It was dark outside when the accident happened.  Johnson testified as follows about lighting and the visibility of the curb:

            Q         . . . [D]o you remember, was there any lighting out in the area where the mulch and pallets were?

            A         All I can say is I bet there was.

            Q         Do you remember not being able to see because it was dark out? . . .

            A         We could see . . . the bags of mulch.  We were able to locate that.  We were able to locate which pallet had the cocoa beans [the type of mulch Johnson bought] on it.

            Q         But you weren’t able to see the curb because it was dark, is that what you’re saying?

            A         I probably saw the curb, but I didn’t take notice of it.  I mean, my guess is that since I’m looking all around, I’m able to see everything.

            Q         Okay.  So even though it was dark out, it wasn’t as though it was so dark that you couldn’t see the curb, is that right?

            A         That’s right.

            Q         And tell me about what happened . . . .  So it wasn’t so dark that you couldn’t see the curb.  Would you say that the curb was clearly visible from where you were standing?

            A         Yes, I knew where the curb was.  Let’s put it that way.  I knew there was a curb there.

            Q         It was in plain view of where you were standing, is that right?

            A         Yeah, I guess – yes.


Johnson also testified that if she had looked at the curb, she would have seen its crumbled condition and avoided that area.

            Johnson’s own testimony establishes that the lighting in the sidewalk area was sufficient to make the curb’s condition visible; her view of the curb was unobstructed; and if she had looked at the curb, she would have seen its crumbled condition and avoided that area.  From Johnson’s own testimony, the district court properly concluded that the curb’s condition was open and obvious, and, therefore, no duty of care arose.  See Lawrence v. Hollerich, 394 N.W.2d 853, 856 (Minn. App. 1986) (holding that landowner owed no duty to warn of steepness of slope because it was obvious), review denied (Minn. Dec. 17, 1986).

            An exception to the general obvious-danger rule is that a landowner is not relieved of a duty if it should anticipate the harm despite the entrant’s knowledge or the obviousness of the danger.  Baber, 531 N.W.2d at 496.  Johnson argues that Home Depot should have anticipated harm resulting from the curb’s condition.  We disagree.  There was uncontradicted testimony by a Home Depot assistant manager that there had been no other accidents due to the curb’s condition and no problems with inadequate lighting in the area, and there was no evidence of any complaints about the curb.  Johnson argues that her attention was distracted by the process of transporting and loading the bags of mulch into the minivan.  But Johnson chose to drag the bags of mulch rather than using a cart to transport them.  Contrary to Johnson’s statement in her affidavit that there were no carts nearby, she testified in her deposition that she had had a cart and chose not to use it to load the mulch.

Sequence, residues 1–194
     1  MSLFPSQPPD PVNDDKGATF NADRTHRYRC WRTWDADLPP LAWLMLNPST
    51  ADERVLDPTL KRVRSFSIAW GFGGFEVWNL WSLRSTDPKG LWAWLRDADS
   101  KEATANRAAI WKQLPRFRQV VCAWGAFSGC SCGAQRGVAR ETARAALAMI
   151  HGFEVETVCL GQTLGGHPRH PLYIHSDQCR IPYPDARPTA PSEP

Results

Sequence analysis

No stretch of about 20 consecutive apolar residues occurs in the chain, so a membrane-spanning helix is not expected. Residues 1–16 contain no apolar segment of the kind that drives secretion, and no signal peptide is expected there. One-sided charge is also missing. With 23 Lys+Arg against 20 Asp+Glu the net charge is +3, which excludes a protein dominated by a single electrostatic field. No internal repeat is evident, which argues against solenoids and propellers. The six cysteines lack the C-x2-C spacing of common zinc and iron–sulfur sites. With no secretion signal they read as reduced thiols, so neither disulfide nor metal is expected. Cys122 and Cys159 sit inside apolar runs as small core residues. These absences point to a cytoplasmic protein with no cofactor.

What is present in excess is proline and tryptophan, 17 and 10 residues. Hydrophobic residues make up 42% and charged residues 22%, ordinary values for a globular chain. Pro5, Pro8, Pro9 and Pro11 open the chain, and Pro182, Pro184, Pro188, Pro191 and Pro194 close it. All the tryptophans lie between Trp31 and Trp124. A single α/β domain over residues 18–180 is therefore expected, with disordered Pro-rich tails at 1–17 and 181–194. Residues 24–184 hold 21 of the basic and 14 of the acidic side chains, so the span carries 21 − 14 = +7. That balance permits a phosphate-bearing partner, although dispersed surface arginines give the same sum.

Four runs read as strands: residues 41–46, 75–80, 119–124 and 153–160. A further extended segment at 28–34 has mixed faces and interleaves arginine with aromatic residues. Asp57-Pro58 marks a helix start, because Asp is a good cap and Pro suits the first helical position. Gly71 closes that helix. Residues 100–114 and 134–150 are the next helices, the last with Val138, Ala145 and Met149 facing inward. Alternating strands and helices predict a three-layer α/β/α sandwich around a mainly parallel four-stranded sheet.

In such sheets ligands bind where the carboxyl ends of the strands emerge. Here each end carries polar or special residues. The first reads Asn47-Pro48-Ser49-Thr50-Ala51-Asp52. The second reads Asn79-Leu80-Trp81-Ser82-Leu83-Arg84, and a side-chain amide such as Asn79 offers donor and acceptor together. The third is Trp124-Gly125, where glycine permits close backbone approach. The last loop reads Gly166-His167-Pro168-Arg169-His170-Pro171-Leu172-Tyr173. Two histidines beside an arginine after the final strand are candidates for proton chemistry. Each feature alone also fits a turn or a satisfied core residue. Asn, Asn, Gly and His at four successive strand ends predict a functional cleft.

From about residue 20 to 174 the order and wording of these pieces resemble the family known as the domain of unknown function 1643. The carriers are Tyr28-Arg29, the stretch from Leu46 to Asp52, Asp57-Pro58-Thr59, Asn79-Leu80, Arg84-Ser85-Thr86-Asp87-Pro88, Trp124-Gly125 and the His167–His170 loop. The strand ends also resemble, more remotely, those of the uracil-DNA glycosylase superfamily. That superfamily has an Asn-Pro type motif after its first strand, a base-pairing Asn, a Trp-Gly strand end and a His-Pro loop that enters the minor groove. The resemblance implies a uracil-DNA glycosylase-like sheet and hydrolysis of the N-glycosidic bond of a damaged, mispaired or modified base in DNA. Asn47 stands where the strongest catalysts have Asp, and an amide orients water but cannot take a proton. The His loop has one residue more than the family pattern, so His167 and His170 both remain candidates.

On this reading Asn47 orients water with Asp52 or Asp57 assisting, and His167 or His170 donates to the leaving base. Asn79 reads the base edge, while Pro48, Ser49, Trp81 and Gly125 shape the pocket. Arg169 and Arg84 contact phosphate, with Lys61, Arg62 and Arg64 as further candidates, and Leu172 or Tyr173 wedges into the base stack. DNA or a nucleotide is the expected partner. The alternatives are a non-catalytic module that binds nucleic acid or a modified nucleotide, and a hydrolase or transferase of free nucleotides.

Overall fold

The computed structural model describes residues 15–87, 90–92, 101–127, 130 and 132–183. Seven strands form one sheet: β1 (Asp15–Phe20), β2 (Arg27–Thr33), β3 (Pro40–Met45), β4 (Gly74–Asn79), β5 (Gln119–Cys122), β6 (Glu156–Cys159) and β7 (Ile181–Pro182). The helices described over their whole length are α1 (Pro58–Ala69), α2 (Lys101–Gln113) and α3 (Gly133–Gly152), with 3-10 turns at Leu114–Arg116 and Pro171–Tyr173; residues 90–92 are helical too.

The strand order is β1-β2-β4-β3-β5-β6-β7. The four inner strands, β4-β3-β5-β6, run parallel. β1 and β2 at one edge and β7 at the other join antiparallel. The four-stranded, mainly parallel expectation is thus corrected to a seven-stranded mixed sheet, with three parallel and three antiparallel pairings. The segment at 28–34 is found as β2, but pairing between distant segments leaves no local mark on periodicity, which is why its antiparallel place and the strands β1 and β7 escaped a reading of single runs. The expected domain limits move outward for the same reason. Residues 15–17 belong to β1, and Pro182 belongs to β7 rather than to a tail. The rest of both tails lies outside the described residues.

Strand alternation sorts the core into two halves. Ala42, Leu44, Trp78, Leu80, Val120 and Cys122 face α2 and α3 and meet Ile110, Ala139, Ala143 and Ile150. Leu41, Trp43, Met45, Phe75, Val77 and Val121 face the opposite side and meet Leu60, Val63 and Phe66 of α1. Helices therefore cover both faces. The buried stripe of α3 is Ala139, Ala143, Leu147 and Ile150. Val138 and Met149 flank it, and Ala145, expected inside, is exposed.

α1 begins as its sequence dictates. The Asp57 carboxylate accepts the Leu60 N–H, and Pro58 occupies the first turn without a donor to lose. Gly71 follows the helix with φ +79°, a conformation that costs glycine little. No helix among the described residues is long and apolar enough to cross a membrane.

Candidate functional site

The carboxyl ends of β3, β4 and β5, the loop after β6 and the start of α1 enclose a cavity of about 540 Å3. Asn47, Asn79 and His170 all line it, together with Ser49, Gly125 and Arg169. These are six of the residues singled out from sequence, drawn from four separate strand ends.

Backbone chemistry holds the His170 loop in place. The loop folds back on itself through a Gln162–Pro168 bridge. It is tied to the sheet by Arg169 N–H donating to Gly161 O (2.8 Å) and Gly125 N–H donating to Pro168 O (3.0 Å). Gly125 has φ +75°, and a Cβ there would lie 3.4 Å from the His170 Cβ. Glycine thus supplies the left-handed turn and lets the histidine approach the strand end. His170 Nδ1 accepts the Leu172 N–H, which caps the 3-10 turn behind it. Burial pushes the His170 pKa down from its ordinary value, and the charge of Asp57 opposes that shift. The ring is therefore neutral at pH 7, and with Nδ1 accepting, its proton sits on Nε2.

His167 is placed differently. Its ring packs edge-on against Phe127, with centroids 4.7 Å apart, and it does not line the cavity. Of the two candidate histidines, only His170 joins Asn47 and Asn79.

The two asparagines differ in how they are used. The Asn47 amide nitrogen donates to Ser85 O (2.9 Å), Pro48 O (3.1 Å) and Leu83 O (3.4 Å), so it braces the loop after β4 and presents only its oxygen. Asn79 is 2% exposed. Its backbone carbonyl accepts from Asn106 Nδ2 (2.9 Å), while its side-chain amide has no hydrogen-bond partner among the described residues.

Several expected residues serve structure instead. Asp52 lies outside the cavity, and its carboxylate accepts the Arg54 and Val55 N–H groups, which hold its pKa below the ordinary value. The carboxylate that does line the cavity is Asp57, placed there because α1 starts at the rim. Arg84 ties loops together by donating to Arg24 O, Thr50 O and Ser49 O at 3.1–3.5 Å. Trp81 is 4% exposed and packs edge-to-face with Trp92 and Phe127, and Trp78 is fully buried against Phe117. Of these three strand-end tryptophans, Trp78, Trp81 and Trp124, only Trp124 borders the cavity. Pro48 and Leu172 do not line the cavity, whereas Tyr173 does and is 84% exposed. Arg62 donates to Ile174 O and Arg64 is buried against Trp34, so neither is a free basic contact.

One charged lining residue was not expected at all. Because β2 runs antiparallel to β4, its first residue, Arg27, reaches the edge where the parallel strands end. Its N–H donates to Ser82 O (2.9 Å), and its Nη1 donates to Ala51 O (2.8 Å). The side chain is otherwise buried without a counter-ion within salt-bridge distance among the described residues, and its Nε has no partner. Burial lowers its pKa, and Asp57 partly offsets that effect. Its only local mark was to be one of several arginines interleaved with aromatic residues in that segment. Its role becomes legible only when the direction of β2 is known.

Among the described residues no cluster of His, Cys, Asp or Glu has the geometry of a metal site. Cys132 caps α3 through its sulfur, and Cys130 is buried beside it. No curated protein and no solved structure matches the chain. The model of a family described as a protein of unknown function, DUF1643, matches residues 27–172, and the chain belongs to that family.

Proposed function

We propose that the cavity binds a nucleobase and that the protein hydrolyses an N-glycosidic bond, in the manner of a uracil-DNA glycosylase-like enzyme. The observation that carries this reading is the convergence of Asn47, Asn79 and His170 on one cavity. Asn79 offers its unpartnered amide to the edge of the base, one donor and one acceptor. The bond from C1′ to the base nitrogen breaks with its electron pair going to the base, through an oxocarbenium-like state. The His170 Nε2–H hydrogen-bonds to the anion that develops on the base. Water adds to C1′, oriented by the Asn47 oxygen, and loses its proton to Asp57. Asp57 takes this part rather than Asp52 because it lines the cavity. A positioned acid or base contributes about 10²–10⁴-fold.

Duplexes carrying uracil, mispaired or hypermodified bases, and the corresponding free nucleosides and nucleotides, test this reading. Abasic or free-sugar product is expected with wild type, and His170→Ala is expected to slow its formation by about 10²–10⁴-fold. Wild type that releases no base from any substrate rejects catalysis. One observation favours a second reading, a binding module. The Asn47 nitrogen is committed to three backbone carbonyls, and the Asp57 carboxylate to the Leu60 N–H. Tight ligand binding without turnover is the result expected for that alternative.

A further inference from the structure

The cases relied on by Johnson to argue that Home Depot should have anticipated harm are distinguishable in that they involve distractions caused by product displays designed to attract customers’ attention or injuries occurring due to faulty construction of a display.  See, e.g., Harris v. Campbell Cereal Co., 243 Minn. 308, 67 N.W.2d 824 (1954) (display located near open stairway); Duffy v. Stratton, 169 Minn. 136, 210 N.W. 866 (1926) (customer attempted to grab merchandise hanging over a staircase); Ober v. Golden Rule, 146 Minn. 347, 178 N.W. 586 (1920) (customer tripped over foot of display stand).

            The district court properly granted summary judgment for Home Depot.



* Retired judge of the Minnesota Court of Appeals, serving by appointment pursuant to Minn. Const. art. VI, § 10.